San Francisco, CA--Simson Garfinkel, author of
Nation: The Death of Privacy in the 21st Century, today
recommended an agenda for the
newly-formed Congressional Privacy Caucus.
"Congress should immediately set about the task of drafting and implementing a
National Data Protection Act--an Act that the American People have been
denied for more than 30 years. Congress should also create a National Data
Protection Office that would protect privacy in the 21st century the same way
that the Environmental Protection Agency narrowly avoided an environmental
catastrophe at the end of the 20th," says Garfinkel.
In this groundbreaking book
Nation: The Death of Privacy in the 21st Century, Garfinkel
calls for a 5-point policy plan, including:
Senate's top Democrat, Tom Daschle, announced Wednesday the formation
of a Senate Democratic Privacy Task Force, while Sen. Richard Shelby, R-Ala.,
disclosed the creation of a bipartisan Congressional Privacy Caucus of
senators and House members.
- Establishment of a national data protection act
- Creation of a data protection office
- Refunding of the Congressional Office Of Technology Assessment
- Modification of many existing laws
- Creation of new consumer-protection laws to protect privacy in the 21st
"The issue of privacy touches virtually every American, often in extremely
personal ways," Daschle, D-S.D., said in a statement issued February 9, 2000.
"Whether it is bank records or medical files or Internet activities,
Americans have a right to expect that personal matters will be kept private.
too many ways, however, our right to privacy is at risk. Our laws have not
kept up with sweeping technological changes. As a result, some of our most
sensitive, private matters end up on databases that are then sold to the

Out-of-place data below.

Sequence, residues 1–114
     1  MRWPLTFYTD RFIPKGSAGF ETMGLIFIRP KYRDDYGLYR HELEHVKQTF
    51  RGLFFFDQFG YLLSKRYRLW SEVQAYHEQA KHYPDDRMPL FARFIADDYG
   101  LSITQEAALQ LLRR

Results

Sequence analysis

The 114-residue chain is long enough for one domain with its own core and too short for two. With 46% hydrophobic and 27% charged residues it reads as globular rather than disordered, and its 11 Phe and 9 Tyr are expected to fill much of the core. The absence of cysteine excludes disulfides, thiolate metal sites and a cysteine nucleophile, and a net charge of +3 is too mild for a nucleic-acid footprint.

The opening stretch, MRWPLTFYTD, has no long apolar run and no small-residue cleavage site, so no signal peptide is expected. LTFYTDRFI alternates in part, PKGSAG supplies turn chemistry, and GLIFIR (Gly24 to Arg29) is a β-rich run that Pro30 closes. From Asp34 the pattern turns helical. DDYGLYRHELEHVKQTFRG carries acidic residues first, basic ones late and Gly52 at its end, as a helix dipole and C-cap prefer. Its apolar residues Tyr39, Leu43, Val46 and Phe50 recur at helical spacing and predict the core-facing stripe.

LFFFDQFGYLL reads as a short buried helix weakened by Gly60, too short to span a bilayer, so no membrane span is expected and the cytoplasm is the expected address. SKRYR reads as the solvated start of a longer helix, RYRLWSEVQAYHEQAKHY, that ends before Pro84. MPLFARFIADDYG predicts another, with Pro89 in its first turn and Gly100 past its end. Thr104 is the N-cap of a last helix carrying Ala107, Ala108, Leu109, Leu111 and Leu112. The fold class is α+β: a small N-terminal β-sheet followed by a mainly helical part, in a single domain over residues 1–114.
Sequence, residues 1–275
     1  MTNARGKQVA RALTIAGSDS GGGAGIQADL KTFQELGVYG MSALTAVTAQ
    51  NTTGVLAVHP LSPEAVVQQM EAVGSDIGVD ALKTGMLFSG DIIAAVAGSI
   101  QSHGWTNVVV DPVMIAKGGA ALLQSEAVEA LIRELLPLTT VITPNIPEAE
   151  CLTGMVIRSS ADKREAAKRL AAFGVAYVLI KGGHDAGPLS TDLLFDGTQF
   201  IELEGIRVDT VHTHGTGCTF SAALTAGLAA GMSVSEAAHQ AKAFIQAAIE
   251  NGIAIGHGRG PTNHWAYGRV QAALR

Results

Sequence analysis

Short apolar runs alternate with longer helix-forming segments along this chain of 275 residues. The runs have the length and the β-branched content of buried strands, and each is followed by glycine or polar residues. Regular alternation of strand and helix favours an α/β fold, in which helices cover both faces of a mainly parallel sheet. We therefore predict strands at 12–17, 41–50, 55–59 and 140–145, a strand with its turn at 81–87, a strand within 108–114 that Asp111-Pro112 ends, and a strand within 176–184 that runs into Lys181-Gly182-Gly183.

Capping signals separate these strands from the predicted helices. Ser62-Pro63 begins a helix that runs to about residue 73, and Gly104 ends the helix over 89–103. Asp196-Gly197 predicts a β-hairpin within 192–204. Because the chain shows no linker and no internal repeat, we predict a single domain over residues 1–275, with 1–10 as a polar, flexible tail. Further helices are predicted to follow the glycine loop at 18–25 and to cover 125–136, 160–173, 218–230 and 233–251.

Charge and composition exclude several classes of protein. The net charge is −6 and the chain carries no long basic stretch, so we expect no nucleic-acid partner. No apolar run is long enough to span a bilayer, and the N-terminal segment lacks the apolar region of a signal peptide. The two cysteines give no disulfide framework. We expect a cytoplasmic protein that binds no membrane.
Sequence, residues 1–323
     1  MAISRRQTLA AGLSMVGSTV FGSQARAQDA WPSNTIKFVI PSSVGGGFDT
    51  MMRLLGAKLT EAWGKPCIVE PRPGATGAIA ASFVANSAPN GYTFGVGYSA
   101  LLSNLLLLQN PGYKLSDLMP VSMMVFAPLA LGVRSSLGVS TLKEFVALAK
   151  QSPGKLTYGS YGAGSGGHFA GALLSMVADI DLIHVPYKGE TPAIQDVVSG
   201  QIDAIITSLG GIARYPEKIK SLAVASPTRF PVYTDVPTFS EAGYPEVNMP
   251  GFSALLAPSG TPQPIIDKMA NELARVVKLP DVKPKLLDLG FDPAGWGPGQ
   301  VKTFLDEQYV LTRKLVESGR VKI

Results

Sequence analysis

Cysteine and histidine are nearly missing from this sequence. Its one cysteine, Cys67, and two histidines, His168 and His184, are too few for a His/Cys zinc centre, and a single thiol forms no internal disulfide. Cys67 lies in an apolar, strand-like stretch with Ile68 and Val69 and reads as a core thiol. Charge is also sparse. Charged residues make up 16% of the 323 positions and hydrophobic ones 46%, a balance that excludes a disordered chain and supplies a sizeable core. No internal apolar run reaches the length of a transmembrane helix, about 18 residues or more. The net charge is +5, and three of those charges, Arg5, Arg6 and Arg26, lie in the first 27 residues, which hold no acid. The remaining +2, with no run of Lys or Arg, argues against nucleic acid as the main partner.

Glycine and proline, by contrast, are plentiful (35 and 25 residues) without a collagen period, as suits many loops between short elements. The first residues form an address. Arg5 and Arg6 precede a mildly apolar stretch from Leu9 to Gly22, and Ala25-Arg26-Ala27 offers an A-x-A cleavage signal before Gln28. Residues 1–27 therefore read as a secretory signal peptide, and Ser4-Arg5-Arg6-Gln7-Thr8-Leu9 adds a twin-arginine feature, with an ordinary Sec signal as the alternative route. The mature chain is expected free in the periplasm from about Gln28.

highest bidder. That is wrong, it's dangerous, and it has to stop."
"Fifty years ago, in the book 1984, George Orwell imagined a future in
which privacy was vanquished by a totalitarian state," explains Garfinkel,
"In 2000, we find the threats to our privacy are not coming from a
monolithic 'Big Brother,' but--even harder to grapple with--hundreds of
sources, not seeking to control us, but merely to market to us, count us,
or streamline paperwork. The result, though, is just as chilling as
"It would be nice to turn back the clock on our massive effort to build an
instrumented planet in which every transaction and every happening is
recorded, logged, and indexed," he adds. "But many gains in privacy can be
accomplished by simply establishing standards that define what uses of
information are appropriate and which are forbidden."
"Up till now, the high tech industry hasn't done a good job of educating
lawmakers and the public about the implications of the technologies we're
creating," says Tim O'Reilly,
CEO of O'Reilly & Associates, a computer-industry pioneer and publisher of
Simson's book, Database
Nation: the Death of Privacy in the 21st Century.
"Because Simson's book does such a clear job of laying out the threats to
America's privacy, we have sent copies to the Hon. Tom Daschle, Richard
Shelby and the other members of this important caucus, and have made a
standing offer of complimentary copies to other federal, state and local
Garfinkel's book (which Ralph Nader calls "a graphic and blistering
indictment--one that you're entitled to take very personally") was just
released by O'Reilly & Associates in hardcover, for $24.95.
Database Nation: The Death of Privacy in the 21st Century
6, which deals with medical issues, is available free
information about the book, including Table of Contents, index,
author bio, and sample chapters.
- The author's web
site, including discussions about the book and related privacy and
computer security issues.
Cover graphic in jpeg format.
- Images of
By Simson Garfinkel
1-56592-653-6, 320 pages, $24.95